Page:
According to statistics from the Federation of Thai Industries, 1.88 million models were produced in Thailand in 2022, of which 840,000 units were sold domestically and 1 million units were exported. The Vision Thai Research Center predicts that the overall market size for BEVs is likely to reach 50,000 models by 2023, a year-on-year increase of 270% compared to 13,454 models in 2022.
The layout and production capacity of automobile factories in Thailand reflect the country’s mature automobile supply chain. Manufacturers operating in Thailand can purchase most of the parts they require locally if they build a factory, which significantly reduces costs associated with logistics. By relying on Thailand’s own automotive manufacturing resources, car manufacturers are able to speed up production.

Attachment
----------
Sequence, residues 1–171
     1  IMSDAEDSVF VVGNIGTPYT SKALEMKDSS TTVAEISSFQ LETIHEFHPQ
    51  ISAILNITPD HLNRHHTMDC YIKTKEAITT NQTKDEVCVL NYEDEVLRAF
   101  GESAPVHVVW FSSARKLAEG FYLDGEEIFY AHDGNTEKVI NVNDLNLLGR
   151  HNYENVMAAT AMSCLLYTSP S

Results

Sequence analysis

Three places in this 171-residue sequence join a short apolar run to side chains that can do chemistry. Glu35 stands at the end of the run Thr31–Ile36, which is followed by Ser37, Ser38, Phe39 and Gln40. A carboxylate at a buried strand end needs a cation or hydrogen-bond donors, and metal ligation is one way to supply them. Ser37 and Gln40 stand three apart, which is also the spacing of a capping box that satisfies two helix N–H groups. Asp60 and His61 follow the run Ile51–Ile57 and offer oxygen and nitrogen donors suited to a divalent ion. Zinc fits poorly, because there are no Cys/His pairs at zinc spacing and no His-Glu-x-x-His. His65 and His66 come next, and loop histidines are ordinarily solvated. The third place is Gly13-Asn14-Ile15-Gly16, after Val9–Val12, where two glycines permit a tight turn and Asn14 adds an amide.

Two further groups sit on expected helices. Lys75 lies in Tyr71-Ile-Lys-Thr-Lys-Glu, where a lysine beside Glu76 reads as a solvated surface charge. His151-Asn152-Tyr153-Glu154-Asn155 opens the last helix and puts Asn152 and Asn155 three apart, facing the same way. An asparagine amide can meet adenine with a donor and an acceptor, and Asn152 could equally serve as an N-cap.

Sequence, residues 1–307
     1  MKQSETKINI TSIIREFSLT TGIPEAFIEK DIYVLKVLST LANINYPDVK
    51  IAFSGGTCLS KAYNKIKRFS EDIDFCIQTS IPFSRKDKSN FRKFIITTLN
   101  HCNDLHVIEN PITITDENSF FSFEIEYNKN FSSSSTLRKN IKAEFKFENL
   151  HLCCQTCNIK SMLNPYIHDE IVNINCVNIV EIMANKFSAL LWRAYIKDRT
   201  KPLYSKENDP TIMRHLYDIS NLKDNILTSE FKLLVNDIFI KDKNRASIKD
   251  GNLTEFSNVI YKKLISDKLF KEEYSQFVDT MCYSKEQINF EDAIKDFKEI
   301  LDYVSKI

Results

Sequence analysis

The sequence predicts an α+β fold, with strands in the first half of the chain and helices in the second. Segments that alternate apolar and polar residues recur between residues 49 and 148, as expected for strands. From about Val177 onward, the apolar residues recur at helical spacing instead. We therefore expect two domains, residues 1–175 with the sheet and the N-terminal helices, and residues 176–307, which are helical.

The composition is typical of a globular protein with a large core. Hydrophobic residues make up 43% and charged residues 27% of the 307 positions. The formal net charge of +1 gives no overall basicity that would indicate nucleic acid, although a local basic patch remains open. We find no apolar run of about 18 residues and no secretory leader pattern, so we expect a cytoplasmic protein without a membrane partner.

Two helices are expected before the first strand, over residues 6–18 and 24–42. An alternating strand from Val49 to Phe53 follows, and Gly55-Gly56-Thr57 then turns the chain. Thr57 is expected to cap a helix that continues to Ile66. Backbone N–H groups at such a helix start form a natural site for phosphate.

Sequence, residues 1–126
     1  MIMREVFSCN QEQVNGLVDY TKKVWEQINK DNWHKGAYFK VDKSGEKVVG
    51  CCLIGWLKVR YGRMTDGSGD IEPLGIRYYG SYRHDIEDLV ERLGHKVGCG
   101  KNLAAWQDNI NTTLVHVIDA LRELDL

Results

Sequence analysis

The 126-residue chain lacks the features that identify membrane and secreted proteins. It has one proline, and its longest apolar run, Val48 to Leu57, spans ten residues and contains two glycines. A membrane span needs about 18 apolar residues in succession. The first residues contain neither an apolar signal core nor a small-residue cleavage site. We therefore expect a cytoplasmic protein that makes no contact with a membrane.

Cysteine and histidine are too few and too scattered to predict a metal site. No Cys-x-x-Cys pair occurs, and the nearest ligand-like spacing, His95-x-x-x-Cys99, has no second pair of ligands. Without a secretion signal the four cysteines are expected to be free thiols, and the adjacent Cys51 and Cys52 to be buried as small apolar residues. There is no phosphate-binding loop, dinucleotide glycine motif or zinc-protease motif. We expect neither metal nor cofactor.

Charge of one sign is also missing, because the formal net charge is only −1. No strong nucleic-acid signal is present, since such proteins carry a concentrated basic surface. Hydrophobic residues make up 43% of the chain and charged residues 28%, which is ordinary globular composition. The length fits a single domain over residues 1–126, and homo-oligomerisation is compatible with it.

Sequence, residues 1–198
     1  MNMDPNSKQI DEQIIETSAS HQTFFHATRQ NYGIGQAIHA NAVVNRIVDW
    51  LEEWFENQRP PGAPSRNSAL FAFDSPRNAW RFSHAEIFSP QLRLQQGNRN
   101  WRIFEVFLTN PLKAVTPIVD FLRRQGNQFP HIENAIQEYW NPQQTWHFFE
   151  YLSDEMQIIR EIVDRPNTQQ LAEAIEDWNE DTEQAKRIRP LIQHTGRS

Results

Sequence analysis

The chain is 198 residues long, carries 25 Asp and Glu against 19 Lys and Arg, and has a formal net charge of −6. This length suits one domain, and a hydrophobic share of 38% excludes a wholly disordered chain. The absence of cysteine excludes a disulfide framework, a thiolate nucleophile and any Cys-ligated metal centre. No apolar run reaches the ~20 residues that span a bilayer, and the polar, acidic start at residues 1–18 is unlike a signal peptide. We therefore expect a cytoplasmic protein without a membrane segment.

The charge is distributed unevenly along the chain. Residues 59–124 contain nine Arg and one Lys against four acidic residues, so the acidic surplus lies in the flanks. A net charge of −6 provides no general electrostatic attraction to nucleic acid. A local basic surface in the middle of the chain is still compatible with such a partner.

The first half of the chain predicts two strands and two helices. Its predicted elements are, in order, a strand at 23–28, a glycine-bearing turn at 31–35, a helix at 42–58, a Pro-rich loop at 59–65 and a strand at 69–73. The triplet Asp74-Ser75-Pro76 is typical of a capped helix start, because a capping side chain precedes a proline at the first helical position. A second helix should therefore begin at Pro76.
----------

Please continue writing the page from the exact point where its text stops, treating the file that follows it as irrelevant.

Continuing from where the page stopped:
The Thai government’s policies targeting EVs provide ample incentives for Chinese car manufacturers as well. In an effort to become a manufacturing center and export base for EVs in Southeast Asia, Thailand has formulated what is referred to as the “[email protected]” policy. This initiative calls for the replacement rate of domestic EVs in Thailand to be above 30% and the production capacity of new energy vehicles to be above 30% by 2030.